Circle Your Way Around: Always begin on the right side of your stove, then move clockwise around the room. The stove is typically the dirtiest part of the kitchen, so ending with it keeps you from spreading dirt and grease. (First, soak drip pans and knobs in warm soapy water. By the time you’ve worked your way around, they’ll be easier to clean.)
Sanitize the Sink: It’s hard to believe, but your dirty kitchen sink has more bacteria than your toilet seat. Use a product labeled as an EPA-registered disinfectant, or make your own. To disinfect, clean your sink with soap and water first, then spray a mist of vinegar followed by a mist of hydrogen peroxide, and let air-dry. (Don’t mix the vinegar and hydrogen peroxide together—spray one after the other.) If your sink is stainless steel, make it sparkle afterward by putting a few drops of mineral oil on a soft cloth and buffing. This prevents water buildup, which deters mold and keeps the sink looking clean longer.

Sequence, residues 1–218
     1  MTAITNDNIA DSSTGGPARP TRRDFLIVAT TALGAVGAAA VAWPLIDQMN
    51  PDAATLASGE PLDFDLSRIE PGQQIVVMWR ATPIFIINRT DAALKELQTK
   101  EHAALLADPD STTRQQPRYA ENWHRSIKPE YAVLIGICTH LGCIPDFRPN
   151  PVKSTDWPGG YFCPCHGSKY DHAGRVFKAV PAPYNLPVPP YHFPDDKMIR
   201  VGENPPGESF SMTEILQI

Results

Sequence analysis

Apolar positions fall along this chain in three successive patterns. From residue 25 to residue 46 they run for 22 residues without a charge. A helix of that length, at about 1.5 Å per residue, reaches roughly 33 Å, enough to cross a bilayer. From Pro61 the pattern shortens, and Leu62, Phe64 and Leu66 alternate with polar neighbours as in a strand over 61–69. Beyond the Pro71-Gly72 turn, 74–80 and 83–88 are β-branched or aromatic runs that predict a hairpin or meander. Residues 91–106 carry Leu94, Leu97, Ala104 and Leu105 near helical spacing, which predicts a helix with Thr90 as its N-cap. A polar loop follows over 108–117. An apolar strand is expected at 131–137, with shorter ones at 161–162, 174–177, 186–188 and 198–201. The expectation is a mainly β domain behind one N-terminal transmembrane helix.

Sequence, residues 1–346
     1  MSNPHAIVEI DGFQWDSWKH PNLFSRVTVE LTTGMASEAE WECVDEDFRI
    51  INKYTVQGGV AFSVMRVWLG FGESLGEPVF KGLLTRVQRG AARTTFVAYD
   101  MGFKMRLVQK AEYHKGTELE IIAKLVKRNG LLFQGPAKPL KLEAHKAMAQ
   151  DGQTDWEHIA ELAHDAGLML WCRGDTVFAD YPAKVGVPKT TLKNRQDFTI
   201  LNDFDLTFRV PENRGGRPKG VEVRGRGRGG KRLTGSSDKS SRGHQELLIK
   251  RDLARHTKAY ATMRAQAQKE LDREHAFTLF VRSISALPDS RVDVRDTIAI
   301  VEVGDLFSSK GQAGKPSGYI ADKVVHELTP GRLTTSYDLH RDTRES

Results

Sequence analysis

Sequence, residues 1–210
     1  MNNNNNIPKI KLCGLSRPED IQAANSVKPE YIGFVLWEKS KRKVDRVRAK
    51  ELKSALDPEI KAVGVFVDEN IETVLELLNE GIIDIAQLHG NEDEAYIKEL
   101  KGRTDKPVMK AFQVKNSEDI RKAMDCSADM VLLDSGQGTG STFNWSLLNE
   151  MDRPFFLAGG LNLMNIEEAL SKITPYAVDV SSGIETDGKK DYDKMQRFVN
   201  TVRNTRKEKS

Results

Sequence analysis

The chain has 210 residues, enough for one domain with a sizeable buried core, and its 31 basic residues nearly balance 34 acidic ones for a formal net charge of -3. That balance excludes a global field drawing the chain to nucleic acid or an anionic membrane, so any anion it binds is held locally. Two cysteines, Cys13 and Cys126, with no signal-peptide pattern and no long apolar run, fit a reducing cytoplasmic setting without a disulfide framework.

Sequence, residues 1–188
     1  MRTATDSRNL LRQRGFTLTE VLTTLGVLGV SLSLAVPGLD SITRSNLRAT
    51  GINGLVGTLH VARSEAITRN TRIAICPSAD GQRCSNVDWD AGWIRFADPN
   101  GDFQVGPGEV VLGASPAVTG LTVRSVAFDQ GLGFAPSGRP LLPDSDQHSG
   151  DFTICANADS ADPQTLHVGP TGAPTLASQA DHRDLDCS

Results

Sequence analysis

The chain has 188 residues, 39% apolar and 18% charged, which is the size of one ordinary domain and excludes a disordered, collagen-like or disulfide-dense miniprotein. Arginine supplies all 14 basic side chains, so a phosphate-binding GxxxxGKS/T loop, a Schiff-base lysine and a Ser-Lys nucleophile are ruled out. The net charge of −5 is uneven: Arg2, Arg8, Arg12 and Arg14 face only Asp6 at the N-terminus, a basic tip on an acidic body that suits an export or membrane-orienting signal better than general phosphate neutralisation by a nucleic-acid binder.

Do Dishwasher Duty:: Once a week, shake baking soda on a damp sponge and wipe around the machine’s edges to remove stuck-on food or stains. To clean the inside, run an empty cycle with Dishwasher Magic, a product designed to kill bacteria like E.coli. “During cold and flu season, add a quarter-cup of bleach to the regular dish cycle to kill bacteria,” says Laura Dellutri. The dishes will be safe and sanitized after the rinse cycle is finished.
Love Your Oven: Keep the heart of your kitchen clean by lining the bottom with a nonstick ovenliner. It can be wiped with a paper towel, put in the dishwasher, and reused over and over.